The parenthetical reference to Canada in my last post prompted several good comments. This post attempts to summarize and address them. Dr. Stockhammer has co-authored a paper with estimates for Canada, but he would be the first to note that they are mechanical and not necessarily relevant to policy. He finds that Canada’s domestic economy is wage-led, with a higher […]

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Do Wages or Profits Lead Growth?

Earlier this month, I served as the discussant for a presentation by Engelbert Stockhammer, an economics professor from Kingston University in London. He was speaking at a conference organized by the workers’ representation to the International Labour Organization (ACTRAV). Stockhammer reviewed two antithetical strategies for economic growth. The pro-labour strategy aims to increase wages by promoting collective bargaining, raising minimum […]

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Canadians working too much?

Despite all the political scandals, very distinct political visions for this country, and recent attempts by political leaders to get Canadians to “rise up”, there doesn’t seem to be a ton of public enthusiasm in this federal election campaign yet. One problem may be that Canadians are simply working too much. Recently released figures from OECD show that Canadians aren’t just […]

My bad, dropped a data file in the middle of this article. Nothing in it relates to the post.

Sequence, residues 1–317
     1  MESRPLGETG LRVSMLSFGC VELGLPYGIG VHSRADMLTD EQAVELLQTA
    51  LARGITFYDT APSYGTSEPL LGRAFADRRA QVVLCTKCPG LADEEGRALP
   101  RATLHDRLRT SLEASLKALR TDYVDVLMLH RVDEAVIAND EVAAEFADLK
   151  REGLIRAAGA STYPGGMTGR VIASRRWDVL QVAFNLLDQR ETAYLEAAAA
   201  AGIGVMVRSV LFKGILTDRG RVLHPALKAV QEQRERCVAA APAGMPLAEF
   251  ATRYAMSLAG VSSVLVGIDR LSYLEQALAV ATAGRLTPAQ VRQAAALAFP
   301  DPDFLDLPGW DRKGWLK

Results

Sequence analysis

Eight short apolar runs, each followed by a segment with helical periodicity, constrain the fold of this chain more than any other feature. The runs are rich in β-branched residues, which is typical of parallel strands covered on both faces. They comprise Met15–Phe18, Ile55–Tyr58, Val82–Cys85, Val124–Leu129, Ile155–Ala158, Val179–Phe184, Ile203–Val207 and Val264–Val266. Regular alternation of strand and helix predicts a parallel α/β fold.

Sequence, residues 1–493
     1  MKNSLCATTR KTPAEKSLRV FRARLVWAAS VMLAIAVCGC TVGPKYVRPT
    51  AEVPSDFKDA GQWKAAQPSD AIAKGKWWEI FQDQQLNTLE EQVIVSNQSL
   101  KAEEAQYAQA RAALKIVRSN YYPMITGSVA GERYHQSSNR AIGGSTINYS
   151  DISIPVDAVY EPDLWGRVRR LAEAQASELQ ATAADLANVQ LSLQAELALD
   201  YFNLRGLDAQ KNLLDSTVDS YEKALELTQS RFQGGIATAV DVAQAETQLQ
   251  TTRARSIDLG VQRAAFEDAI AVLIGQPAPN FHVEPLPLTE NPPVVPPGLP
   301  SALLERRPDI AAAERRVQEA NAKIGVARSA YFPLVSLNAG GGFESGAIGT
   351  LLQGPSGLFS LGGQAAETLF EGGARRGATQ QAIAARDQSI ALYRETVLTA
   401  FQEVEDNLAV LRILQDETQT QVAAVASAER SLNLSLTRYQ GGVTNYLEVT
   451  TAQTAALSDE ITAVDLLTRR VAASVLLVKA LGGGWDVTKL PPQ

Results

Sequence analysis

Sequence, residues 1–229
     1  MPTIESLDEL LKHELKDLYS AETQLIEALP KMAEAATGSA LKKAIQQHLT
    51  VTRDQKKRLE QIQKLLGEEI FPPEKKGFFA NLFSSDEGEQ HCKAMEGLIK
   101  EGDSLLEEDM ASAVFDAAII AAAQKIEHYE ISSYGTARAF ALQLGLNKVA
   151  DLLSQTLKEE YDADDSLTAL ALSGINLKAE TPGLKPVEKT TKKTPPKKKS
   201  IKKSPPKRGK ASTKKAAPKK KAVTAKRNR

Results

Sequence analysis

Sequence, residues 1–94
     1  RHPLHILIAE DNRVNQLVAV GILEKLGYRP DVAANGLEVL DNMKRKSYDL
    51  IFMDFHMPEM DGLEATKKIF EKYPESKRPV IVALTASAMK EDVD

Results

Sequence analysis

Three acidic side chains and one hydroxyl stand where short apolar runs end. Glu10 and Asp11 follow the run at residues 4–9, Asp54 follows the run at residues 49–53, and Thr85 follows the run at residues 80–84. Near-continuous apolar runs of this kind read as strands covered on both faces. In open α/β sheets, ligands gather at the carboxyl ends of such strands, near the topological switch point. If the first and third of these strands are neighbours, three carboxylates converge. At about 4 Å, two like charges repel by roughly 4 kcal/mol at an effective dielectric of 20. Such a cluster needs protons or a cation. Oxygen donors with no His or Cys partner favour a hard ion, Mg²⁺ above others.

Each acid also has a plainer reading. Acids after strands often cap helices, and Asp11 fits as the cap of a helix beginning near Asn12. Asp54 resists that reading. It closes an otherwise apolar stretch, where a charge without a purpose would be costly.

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Reforming Ontario’s Universities

I have just finished reading a 2009 book entitled Academic Transformation:  The Forces Reshaping Higher Education in Ontario.  The book, written by Ian Clark, Greg Moran, Michael Skolnik and David Trick, has received a fair bit of attention among post-secondary (PSE) wonks.  While I find it informative, I am uncomfortable with the book’s central feature:  a proposal to reform Ontario’s PSE sector with the […]

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The Rise of the Global Elite

“The already wealthy have emerged from the global recession in an even wealthier position. What does the rise of global elites mean to power and influence at home and abroad?” That’s the blurb from TVO’s The Agenda with Steve Paikin, the latest Canadian news show to tackle the issue that explains so much of what is going on: rising inequality. […]